I've written before on this blog about John Berger. But it's been a while since I last expressed my admiration. So let me do that again now, having just finished his masterful set of essays, The Sense of Sight.
I should start by saying that Berger's About Looking is one of the most impressive collections of essays I've read - and that's largely because, even when I don't agree with Berger, he pushes me to think, to consider. His essays are always novel in their method, memorable in their style.
And while The Sense of Sight is not, perhaps, as bold or clairvoyant as About Looking, it is, in the end, a tremendous accumulation of pensees, of meditations on life, art, and memory.
As I say, one of the elements of Berger's world that I admire most is his style: he writes with such confidence, such a penetrating gaze. And yet, his conclusions are rarely overwrought. Sometimes, it's true, he reaches for too much (particularly when discussing politics), but that's, I think, out of a sense of love, of wanting to do justice to it all, to everything. He has a prose style all his own.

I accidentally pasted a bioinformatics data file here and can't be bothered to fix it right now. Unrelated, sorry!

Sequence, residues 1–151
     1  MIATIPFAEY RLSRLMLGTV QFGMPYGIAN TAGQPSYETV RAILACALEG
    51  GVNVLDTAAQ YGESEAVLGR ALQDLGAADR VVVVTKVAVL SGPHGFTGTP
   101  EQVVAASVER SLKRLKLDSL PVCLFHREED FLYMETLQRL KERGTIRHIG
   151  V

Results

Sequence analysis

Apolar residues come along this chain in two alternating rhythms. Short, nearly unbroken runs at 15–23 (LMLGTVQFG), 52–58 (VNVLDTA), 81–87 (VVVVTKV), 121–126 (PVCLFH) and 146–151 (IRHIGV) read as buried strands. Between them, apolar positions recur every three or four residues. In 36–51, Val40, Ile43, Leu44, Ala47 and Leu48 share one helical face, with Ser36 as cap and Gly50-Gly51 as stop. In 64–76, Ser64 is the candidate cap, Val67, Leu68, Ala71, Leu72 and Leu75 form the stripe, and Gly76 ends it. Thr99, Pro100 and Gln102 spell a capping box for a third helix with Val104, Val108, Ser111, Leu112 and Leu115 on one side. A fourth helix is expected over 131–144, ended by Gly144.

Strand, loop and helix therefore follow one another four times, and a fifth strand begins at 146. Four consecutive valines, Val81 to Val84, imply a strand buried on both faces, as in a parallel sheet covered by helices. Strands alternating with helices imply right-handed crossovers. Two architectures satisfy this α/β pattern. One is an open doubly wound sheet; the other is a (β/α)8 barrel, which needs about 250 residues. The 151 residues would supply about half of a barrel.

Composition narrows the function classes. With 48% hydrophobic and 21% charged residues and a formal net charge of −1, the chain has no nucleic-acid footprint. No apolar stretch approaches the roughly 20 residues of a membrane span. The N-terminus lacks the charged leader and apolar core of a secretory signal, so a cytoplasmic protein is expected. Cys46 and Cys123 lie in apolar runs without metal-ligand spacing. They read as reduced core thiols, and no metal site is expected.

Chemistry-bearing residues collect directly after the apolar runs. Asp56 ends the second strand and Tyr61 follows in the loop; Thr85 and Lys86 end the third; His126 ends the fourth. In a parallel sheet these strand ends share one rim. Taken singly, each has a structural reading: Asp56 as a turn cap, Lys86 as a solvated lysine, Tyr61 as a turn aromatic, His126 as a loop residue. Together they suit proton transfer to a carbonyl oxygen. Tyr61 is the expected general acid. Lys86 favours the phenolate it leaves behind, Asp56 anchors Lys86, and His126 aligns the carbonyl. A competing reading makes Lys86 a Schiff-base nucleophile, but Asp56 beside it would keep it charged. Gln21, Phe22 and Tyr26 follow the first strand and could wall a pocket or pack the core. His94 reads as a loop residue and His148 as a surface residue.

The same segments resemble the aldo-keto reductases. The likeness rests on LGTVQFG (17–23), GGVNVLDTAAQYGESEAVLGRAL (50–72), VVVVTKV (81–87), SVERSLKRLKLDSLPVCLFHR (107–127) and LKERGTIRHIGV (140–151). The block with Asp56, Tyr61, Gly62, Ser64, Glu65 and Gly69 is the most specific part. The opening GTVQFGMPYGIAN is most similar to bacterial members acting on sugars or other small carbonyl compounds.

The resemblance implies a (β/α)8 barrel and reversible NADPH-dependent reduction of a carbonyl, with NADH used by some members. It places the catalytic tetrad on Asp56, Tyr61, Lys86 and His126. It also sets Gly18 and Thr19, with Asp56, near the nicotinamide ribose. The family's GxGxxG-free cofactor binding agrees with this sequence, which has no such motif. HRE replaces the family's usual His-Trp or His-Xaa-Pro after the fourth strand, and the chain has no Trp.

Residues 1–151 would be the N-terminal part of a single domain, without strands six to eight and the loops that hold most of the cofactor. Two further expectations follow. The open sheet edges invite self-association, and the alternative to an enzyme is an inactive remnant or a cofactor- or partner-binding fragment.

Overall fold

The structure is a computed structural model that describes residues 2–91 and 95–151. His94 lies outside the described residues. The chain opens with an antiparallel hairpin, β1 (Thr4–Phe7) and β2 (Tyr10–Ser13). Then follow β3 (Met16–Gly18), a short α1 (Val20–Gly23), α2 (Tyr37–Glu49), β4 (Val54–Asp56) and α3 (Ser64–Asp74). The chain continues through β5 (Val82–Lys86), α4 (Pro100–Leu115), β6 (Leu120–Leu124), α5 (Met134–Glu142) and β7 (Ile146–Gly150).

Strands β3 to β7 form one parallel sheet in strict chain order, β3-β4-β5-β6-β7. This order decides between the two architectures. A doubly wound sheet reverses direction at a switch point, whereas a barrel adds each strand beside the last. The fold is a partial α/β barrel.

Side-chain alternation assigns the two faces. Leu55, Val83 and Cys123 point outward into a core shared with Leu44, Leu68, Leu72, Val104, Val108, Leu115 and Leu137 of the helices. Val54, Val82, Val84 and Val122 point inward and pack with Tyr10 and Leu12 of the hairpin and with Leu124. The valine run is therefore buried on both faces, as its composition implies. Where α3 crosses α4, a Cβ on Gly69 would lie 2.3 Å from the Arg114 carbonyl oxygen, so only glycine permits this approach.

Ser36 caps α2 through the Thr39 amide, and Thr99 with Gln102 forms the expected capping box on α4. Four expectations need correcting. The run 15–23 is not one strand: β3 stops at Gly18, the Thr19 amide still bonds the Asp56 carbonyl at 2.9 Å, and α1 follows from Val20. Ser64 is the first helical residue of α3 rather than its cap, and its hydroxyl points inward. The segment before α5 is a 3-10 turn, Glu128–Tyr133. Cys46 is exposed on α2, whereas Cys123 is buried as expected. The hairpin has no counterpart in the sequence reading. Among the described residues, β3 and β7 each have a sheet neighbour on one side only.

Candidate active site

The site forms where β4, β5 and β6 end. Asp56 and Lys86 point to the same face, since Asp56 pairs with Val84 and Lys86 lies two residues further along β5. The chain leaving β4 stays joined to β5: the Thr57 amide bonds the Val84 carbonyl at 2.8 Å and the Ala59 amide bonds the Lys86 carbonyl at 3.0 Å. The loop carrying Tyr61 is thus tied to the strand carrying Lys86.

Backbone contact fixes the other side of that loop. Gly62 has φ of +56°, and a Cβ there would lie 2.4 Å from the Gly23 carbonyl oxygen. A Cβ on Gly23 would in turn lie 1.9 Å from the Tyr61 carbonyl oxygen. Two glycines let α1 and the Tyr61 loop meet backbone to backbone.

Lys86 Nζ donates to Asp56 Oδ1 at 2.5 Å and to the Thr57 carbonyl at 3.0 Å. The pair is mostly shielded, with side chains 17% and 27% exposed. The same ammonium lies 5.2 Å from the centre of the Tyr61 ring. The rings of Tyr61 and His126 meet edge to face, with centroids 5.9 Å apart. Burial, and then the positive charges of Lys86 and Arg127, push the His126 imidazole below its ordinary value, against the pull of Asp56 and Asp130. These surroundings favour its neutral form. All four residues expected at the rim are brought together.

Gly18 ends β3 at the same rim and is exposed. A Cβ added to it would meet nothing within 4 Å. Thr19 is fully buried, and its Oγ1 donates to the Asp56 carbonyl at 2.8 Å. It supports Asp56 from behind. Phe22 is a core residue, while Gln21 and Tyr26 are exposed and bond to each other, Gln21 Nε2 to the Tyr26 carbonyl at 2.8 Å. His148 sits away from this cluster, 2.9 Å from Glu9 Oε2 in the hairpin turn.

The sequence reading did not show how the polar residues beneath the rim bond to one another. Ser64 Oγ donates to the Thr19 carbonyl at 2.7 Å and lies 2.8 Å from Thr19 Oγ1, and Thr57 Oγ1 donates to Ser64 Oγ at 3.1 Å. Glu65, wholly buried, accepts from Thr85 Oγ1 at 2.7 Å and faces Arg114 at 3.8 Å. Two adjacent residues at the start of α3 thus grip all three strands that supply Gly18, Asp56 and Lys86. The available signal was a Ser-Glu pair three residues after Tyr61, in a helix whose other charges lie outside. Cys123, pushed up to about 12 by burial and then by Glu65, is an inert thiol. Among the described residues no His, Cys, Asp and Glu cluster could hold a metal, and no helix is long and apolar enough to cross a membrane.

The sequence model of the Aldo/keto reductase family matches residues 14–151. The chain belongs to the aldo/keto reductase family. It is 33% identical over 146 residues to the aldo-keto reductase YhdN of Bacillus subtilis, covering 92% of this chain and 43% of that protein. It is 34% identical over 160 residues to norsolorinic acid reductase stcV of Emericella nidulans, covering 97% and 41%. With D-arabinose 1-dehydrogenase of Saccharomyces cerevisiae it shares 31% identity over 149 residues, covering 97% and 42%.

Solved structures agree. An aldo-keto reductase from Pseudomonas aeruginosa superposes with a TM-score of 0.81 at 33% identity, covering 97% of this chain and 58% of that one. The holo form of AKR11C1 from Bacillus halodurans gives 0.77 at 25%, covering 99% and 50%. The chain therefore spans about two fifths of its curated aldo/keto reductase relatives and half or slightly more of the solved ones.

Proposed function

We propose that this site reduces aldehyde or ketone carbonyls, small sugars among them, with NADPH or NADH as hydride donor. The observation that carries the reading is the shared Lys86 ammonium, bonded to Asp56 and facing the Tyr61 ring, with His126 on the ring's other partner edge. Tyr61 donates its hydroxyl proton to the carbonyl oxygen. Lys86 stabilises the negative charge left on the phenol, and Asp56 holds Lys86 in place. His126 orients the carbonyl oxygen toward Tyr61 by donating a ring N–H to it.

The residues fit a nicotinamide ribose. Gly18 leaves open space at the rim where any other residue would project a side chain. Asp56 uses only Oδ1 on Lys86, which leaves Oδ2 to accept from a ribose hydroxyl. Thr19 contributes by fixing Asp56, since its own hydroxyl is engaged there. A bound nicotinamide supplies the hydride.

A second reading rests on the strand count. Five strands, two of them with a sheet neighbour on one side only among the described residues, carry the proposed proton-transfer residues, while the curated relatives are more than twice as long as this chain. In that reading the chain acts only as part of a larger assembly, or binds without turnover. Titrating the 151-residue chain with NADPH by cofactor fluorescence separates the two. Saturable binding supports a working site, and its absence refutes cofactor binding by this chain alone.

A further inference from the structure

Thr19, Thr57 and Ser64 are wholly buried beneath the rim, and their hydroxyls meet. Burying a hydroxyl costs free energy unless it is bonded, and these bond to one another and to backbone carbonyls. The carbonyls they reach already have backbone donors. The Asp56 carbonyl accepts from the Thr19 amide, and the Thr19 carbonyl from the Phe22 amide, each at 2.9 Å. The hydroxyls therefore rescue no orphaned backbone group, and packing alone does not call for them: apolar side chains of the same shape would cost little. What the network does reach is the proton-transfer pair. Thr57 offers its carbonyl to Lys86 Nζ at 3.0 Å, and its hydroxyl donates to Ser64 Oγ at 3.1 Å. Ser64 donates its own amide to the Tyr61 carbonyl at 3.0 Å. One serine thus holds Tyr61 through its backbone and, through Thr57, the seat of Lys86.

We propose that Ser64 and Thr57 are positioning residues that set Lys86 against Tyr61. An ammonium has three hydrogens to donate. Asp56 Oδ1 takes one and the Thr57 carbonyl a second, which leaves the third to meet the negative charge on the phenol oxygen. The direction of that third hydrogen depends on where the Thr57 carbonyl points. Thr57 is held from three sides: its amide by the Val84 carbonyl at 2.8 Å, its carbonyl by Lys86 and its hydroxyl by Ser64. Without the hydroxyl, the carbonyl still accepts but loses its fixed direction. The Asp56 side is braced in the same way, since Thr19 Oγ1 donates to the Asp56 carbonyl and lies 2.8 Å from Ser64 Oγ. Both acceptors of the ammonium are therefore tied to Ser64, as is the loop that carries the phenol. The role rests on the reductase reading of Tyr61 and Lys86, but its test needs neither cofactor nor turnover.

For me, Berger's essay on Modigliani was the most memorable here: he associates lines in Modigliani's work with emotion, with sensuality. And by elongating those lines, Modigliani, he argues, stretched finite emotion as far as he could, as far as it would reasonably go. The result is a sense of the "infinite," an endlessness treading along the contours of the body. That endlessness, of course, is love.
Let me close, then, with an enthusiastic endorsement of The Sense of Sight: here's a book - part poetry, part history, part criticism and politics - that defies definition, but which, in its diversity of thought and subject matter, identifies what it is to interact with art in all of its forms, quirks, and manifestations.